The shares were recommended in the same article with PG last year and have appreciated by 29.7 percent since to a current $64.87. We have also collected $1.02 in dividends adding another two percent to our unrealized gain on CL. Again, I do not expect a repeat of these results in 2014, but do expect to do well holding these shares over the long term. But the current share price is too rich for my liking so I will wait for a better entry point. I may have to wait for a major correction as I believe fair value for this issue is closer to $55 than the current level. But even at the current price my expected compounded annual total return over the next five years is 9.8 percent. My five-year price target for CL shares is $90.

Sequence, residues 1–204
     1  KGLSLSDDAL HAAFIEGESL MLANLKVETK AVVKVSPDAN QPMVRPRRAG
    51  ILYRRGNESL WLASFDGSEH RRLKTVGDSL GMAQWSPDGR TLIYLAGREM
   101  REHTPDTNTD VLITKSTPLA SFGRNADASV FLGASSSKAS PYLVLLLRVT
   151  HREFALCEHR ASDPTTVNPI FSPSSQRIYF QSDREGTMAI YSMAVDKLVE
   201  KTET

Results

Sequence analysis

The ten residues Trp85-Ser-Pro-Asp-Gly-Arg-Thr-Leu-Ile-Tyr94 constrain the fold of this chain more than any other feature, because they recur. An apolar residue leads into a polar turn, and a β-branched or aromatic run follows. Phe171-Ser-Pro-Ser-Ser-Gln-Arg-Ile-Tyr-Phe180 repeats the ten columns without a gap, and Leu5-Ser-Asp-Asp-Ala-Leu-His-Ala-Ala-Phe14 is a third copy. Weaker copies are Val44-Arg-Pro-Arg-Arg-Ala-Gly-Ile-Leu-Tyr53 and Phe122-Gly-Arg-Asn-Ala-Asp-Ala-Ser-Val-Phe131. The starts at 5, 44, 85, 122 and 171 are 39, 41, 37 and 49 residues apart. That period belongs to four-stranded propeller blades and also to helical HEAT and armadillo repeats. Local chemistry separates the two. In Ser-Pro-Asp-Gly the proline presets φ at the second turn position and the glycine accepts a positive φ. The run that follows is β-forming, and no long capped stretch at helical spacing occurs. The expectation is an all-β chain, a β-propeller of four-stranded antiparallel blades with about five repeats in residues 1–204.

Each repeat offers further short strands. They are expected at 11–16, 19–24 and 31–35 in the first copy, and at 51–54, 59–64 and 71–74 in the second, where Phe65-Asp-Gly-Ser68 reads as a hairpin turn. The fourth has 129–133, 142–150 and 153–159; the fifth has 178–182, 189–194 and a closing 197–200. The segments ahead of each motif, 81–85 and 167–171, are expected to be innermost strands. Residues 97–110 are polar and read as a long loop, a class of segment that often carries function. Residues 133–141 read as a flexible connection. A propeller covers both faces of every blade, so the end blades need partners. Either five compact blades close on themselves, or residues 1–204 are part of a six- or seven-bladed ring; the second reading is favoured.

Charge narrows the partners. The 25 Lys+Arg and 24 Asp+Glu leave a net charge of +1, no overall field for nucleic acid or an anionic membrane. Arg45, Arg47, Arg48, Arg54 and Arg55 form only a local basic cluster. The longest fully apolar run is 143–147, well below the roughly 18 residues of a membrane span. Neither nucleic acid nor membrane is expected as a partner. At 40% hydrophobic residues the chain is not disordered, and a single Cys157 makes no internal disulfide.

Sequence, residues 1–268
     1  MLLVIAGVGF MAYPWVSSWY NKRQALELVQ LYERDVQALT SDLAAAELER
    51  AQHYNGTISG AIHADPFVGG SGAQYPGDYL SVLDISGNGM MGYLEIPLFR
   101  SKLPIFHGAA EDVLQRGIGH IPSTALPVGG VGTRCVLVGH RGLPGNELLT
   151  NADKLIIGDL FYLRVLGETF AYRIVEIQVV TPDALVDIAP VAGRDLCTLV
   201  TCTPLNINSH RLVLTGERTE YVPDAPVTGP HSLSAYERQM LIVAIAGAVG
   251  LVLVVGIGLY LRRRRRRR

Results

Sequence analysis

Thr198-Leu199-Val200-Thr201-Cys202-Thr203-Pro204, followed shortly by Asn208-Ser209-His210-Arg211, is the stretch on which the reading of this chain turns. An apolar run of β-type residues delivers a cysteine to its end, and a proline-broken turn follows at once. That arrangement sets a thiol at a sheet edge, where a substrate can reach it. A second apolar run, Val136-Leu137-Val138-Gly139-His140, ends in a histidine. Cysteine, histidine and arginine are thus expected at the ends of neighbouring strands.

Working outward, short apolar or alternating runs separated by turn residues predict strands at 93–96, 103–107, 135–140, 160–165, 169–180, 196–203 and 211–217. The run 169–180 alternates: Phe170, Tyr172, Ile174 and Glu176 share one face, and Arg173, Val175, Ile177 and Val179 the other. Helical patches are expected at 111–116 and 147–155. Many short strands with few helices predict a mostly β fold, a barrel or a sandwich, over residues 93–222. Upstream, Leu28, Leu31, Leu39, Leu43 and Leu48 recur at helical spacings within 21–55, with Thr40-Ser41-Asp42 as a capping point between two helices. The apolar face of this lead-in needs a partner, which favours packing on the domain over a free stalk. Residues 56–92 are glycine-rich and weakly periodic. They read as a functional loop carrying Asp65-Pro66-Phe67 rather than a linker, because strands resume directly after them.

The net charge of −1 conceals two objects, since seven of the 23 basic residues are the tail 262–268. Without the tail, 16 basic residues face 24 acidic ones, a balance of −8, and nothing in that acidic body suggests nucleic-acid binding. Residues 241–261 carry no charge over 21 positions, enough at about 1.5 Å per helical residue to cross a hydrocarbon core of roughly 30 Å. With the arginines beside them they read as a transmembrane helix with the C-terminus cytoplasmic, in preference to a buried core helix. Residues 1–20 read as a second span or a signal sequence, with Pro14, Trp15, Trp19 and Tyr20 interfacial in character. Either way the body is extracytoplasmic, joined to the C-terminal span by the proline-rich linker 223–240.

CHD shares have also gone up nicely since recommended last year at $53.51 and currently stand at $68.88, or up 28.7 percent. Add in the $0.87 of dividends we have collected for an additional 1.6 percent and we have an unrealized gain of 30.3 percent thus far. The dividends have been growing at 40 percent annually over the last five years. That level of increases is not sustainable without increasing the payout ratio above the industry average. I suspect that the best days of dividend expansion from CHD are behind us and expect a more moderate pace going forward.